Those who are not taken away by the Israeli army are pushed further south by it. Most of Gaza's population, a staggering 1.9 million people, are now internally displaced, many of them penned into a tiny area close to Rafah, near the border with Egypt. It may be crammed with new refugees, but this pocket of southern Gaza is far from being a refuge. The children and grandchildren of refugees forced out of their homes hustle for flour in hungry, thirsty, crowded streets. And throughout it all, the bombardment continues, with the Israeli government calling for more weapons. More! We need more! "We need three things from the U.S.," Prime Minister Benjamin Netanyahu demands, "munitions, munitions and munitions." And the U.S. eagerly complies, skipping on occasion, as it did on Dec. 9, Congressional review for emergency sale of 14,000 tank shells to Israel.
According to Israeli commentators, their leader is a dead man walking. Once the war stops, the court cases against Netanyahu for corruption will start to bite, along with the eventual inquiry into the security failures that led to Hamas's attack on his watch. In such circumstances, there is little personal incentive to stop one of the heaviest aerial bombing campaigns in history. Killing Palestinians is a winning political ticket in Israel for now. Since Oct. 7, opinion polls show the Israeli public is more hawkish than ever, with under 25 percent in favor of negotiations with Palestinians
In mid-October, a senior official in the U.S. State Department, Josh Paul, resigned in protest over "expanded and expedited" U.S. arms transfers to Israel, which he called "short-sighted, destructive, unjust and contradictory to the very values we publicly espouse." His concerns were not limited to the lack of justice for Palestinians, but for the broader implications with regards to U.S. foreign policy. International lawyers are dusting off conventions that have—happily—rarely been called upon since they were drafted in the aftermath of World War II, such as the Genocide Convention, which contains obligations not just to punish and prevent the act of genocide, but also complicity in it. Lawyers are also examining provisions, thought to belong to bygone eras, reminiscent of Stalingrad, that define starvation as a war crime.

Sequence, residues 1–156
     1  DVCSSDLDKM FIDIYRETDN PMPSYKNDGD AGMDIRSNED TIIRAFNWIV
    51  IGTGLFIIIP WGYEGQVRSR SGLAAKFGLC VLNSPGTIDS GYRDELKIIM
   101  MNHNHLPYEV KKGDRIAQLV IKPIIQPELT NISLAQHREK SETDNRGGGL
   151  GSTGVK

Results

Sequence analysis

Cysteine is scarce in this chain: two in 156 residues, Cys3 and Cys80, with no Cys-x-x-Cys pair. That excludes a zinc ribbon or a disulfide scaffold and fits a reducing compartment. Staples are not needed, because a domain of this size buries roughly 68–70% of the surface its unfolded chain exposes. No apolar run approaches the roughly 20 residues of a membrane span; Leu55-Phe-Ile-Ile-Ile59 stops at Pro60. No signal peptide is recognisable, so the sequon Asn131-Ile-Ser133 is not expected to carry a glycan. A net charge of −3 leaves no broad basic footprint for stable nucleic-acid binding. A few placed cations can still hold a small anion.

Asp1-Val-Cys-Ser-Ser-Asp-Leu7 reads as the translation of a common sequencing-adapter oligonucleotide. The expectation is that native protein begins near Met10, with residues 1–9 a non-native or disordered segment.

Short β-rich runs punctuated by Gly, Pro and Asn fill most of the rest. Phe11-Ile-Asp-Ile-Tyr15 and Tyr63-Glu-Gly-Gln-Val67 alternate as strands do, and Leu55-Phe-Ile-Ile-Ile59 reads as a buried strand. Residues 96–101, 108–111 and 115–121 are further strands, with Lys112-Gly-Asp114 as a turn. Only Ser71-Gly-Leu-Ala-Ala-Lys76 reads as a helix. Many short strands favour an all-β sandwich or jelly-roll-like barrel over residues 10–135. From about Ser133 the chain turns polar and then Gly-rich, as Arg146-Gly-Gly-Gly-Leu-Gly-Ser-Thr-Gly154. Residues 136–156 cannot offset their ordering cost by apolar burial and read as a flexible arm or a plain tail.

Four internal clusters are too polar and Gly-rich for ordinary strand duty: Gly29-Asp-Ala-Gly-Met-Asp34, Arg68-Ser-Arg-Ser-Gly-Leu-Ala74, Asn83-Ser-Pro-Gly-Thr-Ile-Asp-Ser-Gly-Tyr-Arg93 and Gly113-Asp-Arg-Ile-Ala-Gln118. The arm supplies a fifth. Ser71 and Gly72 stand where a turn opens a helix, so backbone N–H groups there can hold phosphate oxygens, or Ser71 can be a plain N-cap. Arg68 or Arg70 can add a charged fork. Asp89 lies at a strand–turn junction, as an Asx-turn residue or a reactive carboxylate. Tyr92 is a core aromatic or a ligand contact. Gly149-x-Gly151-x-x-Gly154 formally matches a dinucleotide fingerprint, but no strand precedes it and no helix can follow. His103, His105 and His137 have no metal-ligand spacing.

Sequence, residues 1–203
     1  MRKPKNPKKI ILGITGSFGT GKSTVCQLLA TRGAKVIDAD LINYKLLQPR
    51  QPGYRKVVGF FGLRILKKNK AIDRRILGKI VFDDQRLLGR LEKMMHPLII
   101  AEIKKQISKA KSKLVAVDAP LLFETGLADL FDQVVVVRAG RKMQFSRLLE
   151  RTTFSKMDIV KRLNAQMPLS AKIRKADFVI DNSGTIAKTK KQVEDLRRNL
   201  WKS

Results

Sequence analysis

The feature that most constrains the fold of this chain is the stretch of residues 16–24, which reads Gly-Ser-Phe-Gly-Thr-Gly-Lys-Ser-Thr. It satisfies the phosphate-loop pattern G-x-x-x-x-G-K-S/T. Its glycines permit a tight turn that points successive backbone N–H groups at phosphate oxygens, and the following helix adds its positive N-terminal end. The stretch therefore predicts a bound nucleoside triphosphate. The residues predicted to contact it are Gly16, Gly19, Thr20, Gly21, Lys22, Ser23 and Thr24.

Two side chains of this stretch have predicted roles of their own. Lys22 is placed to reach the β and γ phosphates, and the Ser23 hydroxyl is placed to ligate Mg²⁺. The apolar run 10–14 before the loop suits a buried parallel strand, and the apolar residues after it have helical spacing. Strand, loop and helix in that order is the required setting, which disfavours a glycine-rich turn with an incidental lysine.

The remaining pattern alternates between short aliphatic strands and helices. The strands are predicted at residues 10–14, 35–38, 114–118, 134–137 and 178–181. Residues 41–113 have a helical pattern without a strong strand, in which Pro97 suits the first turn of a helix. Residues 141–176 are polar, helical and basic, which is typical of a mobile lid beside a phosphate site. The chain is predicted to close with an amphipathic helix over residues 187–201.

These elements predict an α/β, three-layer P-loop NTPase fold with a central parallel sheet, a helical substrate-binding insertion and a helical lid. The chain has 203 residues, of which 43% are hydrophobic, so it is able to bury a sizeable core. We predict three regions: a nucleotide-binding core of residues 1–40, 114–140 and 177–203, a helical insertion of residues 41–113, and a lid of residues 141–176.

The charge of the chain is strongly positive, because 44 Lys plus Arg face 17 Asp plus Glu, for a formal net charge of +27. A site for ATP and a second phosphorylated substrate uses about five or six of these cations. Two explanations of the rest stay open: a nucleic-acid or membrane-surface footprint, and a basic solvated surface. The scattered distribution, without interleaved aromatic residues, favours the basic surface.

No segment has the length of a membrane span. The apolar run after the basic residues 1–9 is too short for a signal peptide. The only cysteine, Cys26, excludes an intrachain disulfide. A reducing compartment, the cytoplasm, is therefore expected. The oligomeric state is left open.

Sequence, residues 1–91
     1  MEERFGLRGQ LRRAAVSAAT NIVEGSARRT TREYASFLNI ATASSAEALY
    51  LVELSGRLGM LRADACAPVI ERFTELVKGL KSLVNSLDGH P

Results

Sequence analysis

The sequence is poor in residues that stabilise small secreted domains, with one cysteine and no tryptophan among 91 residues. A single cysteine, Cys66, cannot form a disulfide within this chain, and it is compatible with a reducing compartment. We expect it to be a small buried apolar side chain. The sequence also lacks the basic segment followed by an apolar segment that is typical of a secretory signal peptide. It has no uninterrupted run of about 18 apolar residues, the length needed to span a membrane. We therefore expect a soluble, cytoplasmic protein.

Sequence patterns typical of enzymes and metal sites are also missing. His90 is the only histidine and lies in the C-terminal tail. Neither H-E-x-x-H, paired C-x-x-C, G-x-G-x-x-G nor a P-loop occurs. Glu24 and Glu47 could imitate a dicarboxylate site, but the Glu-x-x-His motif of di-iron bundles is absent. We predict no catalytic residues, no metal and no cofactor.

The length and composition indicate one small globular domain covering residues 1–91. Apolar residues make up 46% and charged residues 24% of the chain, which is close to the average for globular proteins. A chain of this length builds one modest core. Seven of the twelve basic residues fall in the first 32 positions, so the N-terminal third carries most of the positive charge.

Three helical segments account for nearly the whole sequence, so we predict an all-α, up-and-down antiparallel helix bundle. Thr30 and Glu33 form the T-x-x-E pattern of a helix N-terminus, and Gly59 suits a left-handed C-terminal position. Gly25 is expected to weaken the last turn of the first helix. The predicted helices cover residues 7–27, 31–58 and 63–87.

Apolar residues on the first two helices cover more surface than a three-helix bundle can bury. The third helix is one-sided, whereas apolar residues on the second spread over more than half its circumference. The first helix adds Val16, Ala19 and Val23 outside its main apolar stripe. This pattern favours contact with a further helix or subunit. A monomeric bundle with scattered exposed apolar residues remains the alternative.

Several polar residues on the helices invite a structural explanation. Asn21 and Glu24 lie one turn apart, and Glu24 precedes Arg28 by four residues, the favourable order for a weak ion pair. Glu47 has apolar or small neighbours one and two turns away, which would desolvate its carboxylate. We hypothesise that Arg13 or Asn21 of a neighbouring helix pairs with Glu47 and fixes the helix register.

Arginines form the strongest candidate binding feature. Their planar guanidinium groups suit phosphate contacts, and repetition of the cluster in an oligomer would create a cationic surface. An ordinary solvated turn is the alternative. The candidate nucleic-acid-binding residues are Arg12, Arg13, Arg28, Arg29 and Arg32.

But there are other lawyers, including those with human rights specializations, such as the leader of Britain's Labour Party and likely future British prime minister, who conveniently forget everything they ever advocated for. Sir Keir Starmer is on the record saying in an interview in October that Israel "has the right" to cut off power and water supplies to Gaza—a position he rightfully argued against at the International Court of Justice when working on international crimes in the former Yugoslavia (he called the Serb siege of Vukovar a case of genocide). Starmer later denied making his statement about Gaza in the first place.
Those who are not taken away by the Israeli army are pushed further south by it. Most of Gaza's population, a staggering 1.9 million people, are now internally displaced.
- Selma Dabbagh
At the U.N. Security Council, the U.S. has vetoed resolutions calling for a cease-fire. It finally abstained from a "compromise resolution" on Gaza that was ultimately too watered-down to demand anything of Israel at all. Josh Paul is not alone in pointing out the damage done with this disastrous U.S. policy. Joe Biden, the "America is back" president, looks increasingly isolated internationally. Countries in the Global South are taking steps to reassert themselves against Western double standards.
It is no accident that it was South Africa, in late December, that filed an application instituting proceeding against Israel before the International Court of Justice for alleged violations of its obligations under the Genocide Convention. South Africa's case accuses Israel of trying "to destroy Palestinians in Gaza" with specific, genocidal intent: "Israel has engaged in, is engaging in and risks further engaging in genocidal acts against the Palestinian people in Gaza." The U.S. dismissed the case as "meritless."
South Africans understand apartheid better than anyone—the system of racial segregation and oppression that ruled South Africa until the early 1990s, and the system of oppression in Israel that privileges Jewish Israelis at the expense of Palestinians today. They also understand that any discrimination based on race, religion or ethnicity has no future and needs to be rooted out at source, if the system of justice so painstakingly assembled in the last century has any hope of survival.